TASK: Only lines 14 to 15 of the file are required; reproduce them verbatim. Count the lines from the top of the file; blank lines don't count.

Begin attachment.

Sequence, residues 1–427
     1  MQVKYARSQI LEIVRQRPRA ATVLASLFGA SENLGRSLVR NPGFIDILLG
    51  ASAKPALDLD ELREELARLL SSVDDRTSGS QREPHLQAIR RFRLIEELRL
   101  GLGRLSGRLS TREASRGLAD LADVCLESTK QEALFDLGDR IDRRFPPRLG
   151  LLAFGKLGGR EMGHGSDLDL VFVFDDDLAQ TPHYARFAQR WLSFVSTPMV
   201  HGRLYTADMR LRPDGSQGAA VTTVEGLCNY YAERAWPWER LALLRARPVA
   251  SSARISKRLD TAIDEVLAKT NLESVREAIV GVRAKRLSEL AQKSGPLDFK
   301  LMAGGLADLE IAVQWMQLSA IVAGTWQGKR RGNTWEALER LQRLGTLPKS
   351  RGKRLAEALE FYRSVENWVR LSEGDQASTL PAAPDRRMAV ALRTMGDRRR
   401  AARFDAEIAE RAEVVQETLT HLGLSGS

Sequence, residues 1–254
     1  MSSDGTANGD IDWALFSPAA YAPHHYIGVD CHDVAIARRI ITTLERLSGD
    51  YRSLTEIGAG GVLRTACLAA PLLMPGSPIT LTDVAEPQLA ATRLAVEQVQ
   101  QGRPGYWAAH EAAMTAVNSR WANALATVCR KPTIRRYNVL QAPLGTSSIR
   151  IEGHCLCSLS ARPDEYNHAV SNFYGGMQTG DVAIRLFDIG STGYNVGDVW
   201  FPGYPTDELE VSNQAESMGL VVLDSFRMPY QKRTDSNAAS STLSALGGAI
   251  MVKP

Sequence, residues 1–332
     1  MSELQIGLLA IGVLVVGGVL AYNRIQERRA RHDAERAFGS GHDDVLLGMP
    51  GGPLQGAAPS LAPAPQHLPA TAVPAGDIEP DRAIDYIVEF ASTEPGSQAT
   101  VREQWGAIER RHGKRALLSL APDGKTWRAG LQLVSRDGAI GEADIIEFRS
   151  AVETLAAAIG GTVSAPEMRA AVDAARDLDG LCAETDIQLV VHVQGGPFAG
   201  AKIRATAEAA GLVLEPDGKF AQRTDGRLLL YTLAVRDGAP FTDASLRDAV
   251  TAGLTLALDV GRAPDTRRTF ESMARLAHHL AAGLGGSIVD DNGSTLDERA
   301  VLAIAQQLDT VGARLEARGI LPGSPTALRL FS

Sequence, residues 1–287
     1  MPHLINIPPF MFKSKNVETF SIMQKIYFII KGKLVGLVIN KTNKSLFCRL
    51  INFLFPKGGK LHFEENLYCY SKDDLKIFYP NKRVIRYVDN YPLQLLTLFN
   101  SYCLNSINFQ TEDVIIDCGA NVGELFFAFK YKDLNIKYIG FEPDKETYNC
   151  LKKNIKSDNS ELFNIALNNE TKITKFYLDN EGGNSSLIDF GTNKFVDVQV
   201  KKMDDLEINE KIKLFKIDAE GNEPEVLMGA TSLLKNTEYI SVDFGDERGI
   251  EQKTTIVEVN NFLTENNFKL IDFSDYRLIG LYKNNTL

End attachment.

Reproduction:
   101  QGRPGYWAAH EAAMTAVNSR WANALATVCR KPTIRRYNVL QAPLGTSSIR
   151  IEGHCLCSLS ARPDEYNHAV SNFYGGMQTG DVAIRLFDIG STGYNVGDVW